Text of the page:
Kiersten Baughman: I am a member of STP and this is how I teach

10 Apr 2020 12:08 PM | Anonymous member (Administrator)

School name: Valley City State University

Type of school: 4-year public regional state institution

School locale: Valley City, North Dakota

Classes you teach: Introduction to Psychology, Cognition and Brain Science, Developmental Psychology, Psychology of Learning, Social Psychology, Health Psychology, Understanding Statistics, and Intimate Partner Violence

Average class size: 10-20

What’s the best advice about teaching you’ve ever received? “You’re here to educate, not entertain.” And, “You should feel (a little) nervous – it means you care!”

What book or article has shaped your work as a psychology teacher? McKeachie’s Teaching Tips

Briefly tell us about your favorite lecture topic or course to teach. I love so many courses, but I would have to say my favorite topic is teaching operant conditioning. It’s so dicey for some, but I have been told I teach it really well and get students involved in creating tons of examples. I start by explaining the importance of freewill. Then, I move to defining and discussing reinforcement and punishment. Finally, I tell students to think mathematically about + (plus) and – (minus) when describing positive and negative. All that’s left is to determine whether we’re adding or removing something desired (appetitive stimulus) or something undesired (aversive stimulus). We discuss many examples, and I end by showing a clip from The Big Bang Theory where Sheldon actually mistakenly refers to “negative reinforcement” when describing positive punishment, and students catch it! Such a great lecture. 

Briefly describe a favorite assignment or in-class activity.  I love creative submissions from students. In all my courses, I have students create a presentation about a topic of their choice related to the content we’ve discussed that semester. I’ve had students relate martial arts, running, and hunting to psychology and inform the class about rare disorders and how they connect to the field. Students also comment on each other’s presentations. This has worked quite well as either an in-class discussion throughout the semester or online recorded submissions at the end of the semester.

What teaching and learning techniques work best for you? I’ve been told I teach very “conversationally.” I have an open dialogue with the students, eliciting answers and examples from them routinely. My most successful moments in the classroom come from creative activities that require students to think critically and apply new concepts to everyday situations.

What’s your workspace like?  I enjoy my double-monitor setup that allows me to easily have a Word document open at the same time as a web browser or other application on the other screen. One unique element of my office is a futon. I can’t take credit for that – it was my brother’s idea to have a nice place for students to sit when they visit me. I face outward so I can always smile and wave at everyone walking by. I also have a mini-fridge and microwave because I try to bring my lunch as often as possible. I couldn’t live without my desk calendar and sticky-notes that are right in the center of my desk. Books are behind me on the shelves unless I’m actively teaching that course, in which case they’re on my desk for easy access.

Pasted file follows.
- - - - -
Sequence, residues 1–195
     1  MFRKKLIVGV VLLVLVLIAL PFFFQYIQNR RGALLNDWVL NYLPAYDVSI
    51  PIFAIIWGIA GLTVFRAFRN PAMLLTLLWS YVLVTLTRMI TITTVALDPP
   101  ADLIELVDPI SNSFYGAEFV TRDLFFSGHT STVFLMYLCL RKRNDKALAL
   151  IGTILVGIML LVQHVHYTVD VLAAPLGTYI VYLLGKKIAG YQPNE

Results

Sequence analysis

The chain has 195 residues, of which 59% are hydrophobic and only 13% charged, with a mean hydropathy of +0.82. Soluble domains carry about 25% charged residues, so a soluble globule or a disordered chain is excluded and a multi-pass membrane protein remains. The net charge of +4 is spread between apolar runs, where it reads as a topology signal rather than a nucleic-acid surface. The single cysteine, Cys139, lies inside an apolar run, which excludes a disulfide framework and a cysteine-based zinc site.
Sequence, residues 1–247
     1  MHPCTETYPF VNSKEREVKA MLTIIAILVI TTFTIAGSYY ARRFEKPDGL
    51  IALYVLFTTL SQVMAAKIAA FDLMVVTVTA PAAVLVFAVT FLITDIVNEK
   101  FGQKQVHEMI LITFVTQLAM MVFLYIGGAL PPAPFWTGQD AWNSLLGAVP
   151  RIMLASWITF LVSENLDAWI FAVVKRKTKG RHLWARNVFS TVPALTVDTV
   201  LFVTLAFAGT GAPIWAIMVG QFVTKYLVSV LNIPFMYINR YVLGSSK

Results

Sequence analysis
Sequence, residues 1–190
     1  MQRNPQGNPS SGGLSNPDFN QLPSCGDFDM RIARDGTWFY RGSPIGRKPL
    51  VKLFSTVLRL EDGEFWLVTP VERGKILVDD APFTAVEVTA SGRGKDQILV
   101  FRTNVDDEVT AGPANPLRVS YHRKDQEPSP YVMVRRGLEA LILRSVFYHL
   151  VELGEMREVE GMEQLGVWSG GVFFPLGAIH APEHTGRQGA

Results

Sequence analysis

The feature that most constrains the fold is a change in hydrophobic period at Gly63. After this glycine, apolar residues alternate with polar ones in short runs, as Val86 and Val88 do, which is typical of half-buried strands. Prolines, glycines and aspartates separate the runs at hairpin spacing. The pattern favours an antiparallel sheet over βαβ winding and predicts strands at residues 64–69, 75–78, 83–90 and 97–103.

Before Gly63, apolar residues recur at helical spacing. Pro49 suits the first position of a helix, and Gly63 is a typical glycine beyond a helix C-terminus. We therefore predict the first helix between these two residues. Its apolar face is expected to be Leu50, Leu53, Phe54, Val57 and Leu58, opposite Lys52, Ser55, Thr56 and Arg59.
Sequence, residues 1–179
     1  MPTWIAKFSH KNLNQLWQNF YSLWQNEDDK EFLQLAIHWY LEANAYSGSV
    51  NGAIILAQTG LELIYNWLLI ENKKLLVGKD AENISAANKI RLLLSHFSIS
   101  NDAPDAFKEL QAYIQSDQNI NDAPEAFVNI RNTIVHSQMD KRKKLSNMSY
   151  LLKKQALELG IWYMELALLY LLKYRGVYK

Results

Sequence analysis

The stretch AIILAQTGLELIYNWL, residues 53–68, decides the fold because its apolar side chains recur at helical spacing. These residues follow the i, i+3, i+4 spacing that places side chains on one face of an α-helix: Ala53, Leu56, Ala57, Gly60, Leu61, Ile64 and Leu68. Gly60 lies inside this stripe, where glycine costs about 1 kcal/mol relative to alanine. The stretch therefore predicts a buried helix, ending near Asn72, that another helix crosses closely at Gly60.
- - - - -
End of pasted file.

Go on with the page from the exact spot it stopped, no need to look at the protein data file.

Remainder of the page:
Three words that best describe your teaching style.  Conversational, enthusiastic, animated 

What is your teaching philosophy in 8 words or fewer? Students learn best from everyone in the room.

Tell us about a teaching disaster (or embarrassment) you’ve had and how you dealt with the situation. I once had a student approach me after class about a distinction I’d made in class between concepts the student had learned were the same. After a lengthy discussion, the student left having learned a lot about the difference and the importance of research, so I considered that a success.

What is something your students would be surprised to learn about you? I am an accidental psychologist. I found psychology when I learned being an English major was going to be a lot of reading books I didn’t particularly want to read (rather than grammar). Psychology fit into my schedule when nothing else did, and I fell in love with it. They might also be surprised to learn that I love board games.

What are you currently reading for pleasure? I’m a psych nerd so even my reading is most often psychology related. I checked out Gender, Global Health, and Violence from our campus library right before spring break along with The Voices of #MeToo.

What tech tool could you not live without? I am really enjoying Yuja for screen-capture right now.

What is your hallway chatter like? What do you talk to colleagues about most (whether or not it is related to teaching/school)? We talk about everything from family to pets to what we’re watching on Netflix. I love a department that allows us to be the true humans we are.

 

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